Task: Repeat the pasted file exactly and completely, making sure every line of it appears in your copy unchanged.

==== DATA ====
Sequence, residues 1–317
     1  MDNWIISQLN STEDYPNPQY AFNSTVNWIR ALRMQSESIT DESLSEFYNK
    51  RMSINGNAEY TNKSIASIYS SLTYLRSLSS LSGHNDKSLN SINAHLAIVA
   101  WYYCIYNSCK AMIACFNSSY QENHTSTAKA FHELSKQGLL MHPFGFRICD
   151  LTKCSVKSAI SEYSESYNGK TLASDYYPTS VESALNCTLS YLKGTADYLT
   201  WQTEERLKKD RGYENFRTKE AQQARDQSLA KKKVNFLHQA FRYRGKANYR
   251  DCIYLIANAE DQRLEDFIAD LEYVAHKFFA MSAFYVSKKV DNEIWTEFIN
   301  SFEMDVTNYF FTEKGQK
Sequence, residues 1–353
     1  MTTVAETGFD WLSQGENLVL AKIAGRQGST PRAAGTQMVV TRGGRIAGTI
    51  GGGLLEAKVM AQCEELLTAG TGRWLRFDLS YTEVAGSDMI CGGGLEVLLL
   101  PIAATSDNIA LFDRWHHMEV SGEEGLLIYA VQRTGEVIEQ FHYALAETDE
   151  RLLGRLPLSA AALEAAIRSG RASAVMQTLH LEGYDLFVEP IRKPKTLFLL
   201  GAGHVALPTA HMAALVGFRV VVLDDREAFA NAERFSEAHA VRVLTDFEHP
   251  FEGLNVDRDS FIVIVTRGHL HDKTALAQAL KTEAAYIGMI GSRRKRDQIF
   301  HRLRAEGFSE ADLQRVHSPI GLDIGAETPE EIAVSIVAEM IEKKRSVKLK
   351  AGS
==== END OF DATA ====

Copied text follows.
Sequence, residues 1–317
     1  MDNWIISQLN STEDYPNPQY AFNSTVNWIR ALRMQSESIT DESLSEFYNK
    51  RMSINGNAEY TNKSIASIYS SLTYLRSLSS LSGHNDKSLN SINAHLAIVA
   101  WYYCIYNSCK AMIACFNSSY QENHTSTAKA FHELSKQGLL MHPFGFRICD
   151  LTKCSVKSAI SEYSESYNGK TLASDYYPTS VESALNCTLS YLKGTADYLT
   201  WQTEERLKKD RGYENFRTKE AQQARDQSLA KKKVNFLHQA FRYRGKANYR
   251  DCIYLIANAE DQRLEDFIAD LEYVAHKFFA MSAFYVSKKV DNEIWTEFIN
   301  SFEMDVTNYF FTEKGQK
Sequence, residues 1–353
     1  MTTVAETGFD WLSQGENLVL AKIAGRQGST PRAAGTQMVV TRGGRIAGTI
    51  GGGLLEAKVM AQCEELLTAG TGRWLRFDLS YTEVAGSDMI CGGGLEVLLL
   101  PIAATSDNIA LFDRWHHMEV SGEEGLLIYA VQRTGEVIEQ FHYALAETDE
   151  RLLGRLPLSA AALEAAIRSG RASAVMQTLH LEGYDLFVEP IRKPKTLFLL
   201  GAGHVALPTA HMAALVGFRV VVLDDREAFA NAERFSEAHA VRVLTDFEHP
   251  FEGLNVDRDS FIVIVTRGHL HDKTALAQAL KTEAAYIGMI GSRRKRDQIF
   301  HRLRAEGFSE ADLQRVHSPI GLDIGAETPE EIAVSIVAEM IEKKRSVKLK
   351  AGS